If you have a VA Disability claim, then you are probably interested in maximizing the benefits you will receive. This involves ratings between 0 to 100 indicating how a medical condition affects a person’s ability to work. Here are three ways you can get paid at the level of 100% compensation.
The first way you can receive 100% compensation is by having one condition so severe that it is rated at 100% on its own. Be aware that some types of conditions cannot be rated up to 100%. For example in the VA Diagnostic Code tinnitus (ringing of the ears) can only be rated up to 10%.
A second way to get paid at 100% is to have multiple combined service-connected conditions that result in a rating of 100%. This is called Combined Schedular Rating – with “Schedular” referring to the ratings schedule in the diagnostics code. You need to know that the combined number is not the result of simple addition of the individual ratings. See the video and article on VA Math 101 for a breakdown of how the VA determines ratings for combined service-connected conditions.
The third way to be paid at the 100% rating does not involve getting a rating of 100%. Instead, it requires demonstrating that despite your disability rating below 100%, your service-connected disabilities prevent you from working. This is called TDIU, or sometimes just IU. That stands for Total Disability based on Individual Unemployability. TDIU results in the same payment in benefits as a 100% rating.
A 100% rating results in monthly benefits of about $3,200 at the time of writing. Your own condition(s) and the ratings you receive will determine which path(s) toward 100% may apply to your claim. Watch the video to learn more.
At Tucker Law Group we handle VA Disability cases every day. If your VA disability claim has been denied, or if you have any additional questions, call Tucker Law Group at (866) 233-5044 , or review our videos and media library for more information.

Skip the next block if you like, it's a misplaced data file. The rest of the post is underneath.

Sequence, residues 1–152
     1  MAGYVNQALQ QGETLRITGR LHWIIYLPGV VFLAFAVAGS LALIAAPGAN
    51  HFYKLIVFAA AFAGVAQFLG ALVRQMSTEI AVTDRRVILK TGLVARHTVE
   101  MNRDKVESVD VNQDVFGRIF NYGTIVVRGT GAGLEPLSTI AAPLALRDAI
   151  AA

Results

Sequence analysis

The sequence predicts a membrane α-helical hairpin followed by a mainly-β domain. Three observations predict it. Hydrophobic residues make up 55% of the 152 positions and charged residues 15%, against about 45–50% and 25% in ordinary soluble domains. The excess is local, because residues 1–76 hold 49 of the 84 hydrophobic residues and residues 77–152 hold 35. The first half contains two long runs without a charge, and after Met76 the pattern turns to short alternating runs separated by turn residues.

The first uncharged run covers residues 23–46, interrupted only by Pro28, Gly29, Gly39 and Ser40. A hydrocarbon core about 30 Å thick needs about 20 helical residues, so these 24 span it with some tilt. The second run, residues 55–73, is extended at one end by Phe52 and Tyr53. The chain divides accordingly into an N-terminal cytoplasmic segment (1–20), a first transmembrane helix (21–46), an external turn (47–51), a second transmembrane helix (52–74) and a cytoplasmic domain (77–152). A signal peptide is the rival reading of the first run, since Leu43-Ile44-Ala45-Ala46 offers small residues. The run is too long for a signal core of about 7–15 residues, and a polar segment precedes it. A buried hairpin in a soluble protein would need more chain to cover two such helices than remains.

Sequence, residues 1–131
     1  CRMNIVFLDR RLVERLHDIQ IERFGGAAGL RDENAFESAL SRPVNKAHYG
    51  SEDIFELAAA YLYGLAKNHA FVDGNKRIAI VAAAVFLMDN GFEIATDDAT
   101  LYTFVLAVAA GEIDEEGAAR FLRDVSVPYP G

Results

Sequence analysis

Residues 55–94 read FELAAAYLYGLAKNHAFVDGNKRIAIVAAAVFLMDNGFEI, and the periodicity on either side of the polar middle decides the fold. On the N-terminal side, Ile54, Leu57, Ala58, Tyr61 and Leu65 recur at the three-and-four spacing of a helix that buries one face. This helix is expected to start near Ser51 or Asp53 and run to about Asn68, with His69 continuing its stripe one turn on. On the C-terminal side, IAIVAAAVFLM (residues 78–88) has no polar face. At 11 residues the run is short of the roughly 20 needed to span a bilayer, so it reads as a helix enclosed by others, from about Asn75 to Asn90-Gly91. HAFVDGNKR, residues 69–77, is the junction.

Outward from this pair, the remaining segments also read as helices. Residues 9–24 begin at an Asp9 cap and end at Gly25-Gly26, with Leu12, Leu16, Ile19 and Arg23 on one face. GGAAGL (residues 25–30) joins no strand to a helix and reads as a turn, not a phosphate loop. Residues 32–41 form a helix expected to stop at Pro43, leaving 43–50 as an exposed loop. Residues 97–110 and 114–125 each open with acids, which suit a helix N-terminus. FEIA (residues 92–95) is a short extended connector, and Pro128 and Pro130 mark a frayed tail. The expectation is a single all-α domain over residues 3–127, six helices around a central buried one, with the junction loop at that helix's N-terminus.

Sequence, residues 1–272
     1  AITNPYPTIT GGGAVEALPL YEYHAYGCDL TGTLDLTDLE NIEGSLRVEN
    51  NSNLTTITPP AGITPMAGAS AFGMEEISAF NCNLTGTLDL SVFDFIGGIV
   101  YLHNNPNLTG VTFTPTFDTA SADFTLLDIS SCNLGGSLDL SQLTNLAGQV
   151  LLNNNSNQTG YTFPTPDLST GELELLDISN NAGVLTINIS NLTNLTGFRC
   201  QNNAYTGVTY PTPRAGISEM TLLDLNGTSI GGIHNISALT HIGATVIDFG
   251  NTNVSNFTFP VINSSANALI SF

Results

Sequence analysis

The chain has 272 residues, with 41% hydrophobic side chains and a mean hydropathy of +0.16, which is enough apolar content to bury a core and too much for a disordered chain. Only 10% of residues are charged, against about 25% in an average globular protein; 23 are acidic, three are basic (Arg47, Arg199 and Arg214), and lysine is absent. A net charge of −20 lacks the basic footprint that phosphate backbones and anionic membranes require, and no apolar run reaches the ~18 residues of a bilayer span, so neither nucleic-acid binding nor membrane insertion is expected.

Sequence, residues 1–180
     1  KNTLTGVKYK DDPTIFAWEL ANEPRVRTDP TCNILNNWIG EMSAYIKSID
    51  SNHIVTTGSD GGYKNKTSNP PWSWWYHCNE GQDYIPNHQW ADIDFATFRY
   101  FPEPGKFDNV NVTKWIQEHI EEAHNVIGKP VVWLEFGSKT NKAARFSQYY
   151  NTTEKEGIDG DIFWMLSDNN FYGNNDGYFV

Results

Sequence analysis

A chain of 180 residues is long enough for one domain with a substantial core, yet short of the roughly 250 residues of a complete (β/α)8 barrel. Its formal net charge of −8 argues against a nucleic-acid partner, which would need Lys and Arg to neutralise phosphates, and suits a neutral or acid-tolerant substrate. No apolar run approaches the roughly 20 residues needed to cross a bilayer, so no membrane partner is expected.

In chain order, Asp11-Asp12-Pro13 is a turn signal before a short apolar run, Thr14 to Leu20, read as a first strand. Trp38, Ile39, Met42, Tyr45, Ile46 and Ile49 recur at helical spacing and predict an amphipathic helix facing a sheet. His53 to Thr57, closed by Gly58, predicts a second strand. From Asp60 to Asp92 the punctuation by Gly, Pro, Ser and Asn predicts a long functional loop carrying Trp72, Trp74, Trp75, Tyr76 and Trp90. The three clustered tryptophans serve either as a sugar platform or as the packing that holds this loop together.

Video TranscriptThree ways to get paid 100% VA compensation. I'm John Tucker and I'm a veterans' disability attorney. I represent veterans all over the country in claims for VA disability compensation. I want to tell you three different ways that VA can pay veterans at the 100% level. I'm very often asked by veterans when they call, "How do I get 100%?" Well, the first way is if a veteran has one condition that's so severe, that VA has determined that it actually would prevent somebody from working. VA's rating percentages are based on decisions made by VA years ago about how much a given medical condition impacts a person's ability to work. Take a mental health condition like PTSD. If it's bad enough, it can prevent someone from working and be rated 100%. Now, not every condition has ratings in VA's diagnostic code that go up to 100%. A good example is tinnitus, ringing in the ears. The maximum you can get for that is 10%. So, that takes us to the second way that a veteran can get 100% compensation. That's a combined schedular rating. Schedular just refers to the ratings schedule that's in the diagnostic code. A veteran who has more than one disability can have those combined to add up to 100%. Now it's not addition, and I've got a separate video that talks about VA math and I'd encourage you to watch that, but VA will combine those ratings and they can reach the 100% compensation level. It can't be done with small ratings like tinnitus, but when a veteran has multiple conditions, some of which are larger, it can get to 100%. Now those are the two ways to get schedular 100%. And I should tell you that currently VA compensation is paying a single veteran about $3,200 per month, but there's another way veterans can get that $3,200 per month even if they don't have 100% schedular. That's called, TDIU. Total disability based on individual unemployability, some people call it, IU. IU is something that VA uses to recognize that not all of the ratings that are in the diagnostic code add up to 100%, or compensate somebody at 100%. Sometimes it's possible that ratings that don't combine to 100% prevent a veteran from working. So if you can demonstrate that your service connected disabilities prevent you from working, you can become entitled to 100% level compensation. It's not a 100% rating, but it's the same money as if a person was 100% schedular. If you've had a claim denied by the VA for TDIU, or for multiple claims that you're trying to get rated at 100% or even one claim you're trying to get rated at 100%, call me at the number on your screen. I represent veterans in all 50 States. I'm John Tucker. Thanks for watching.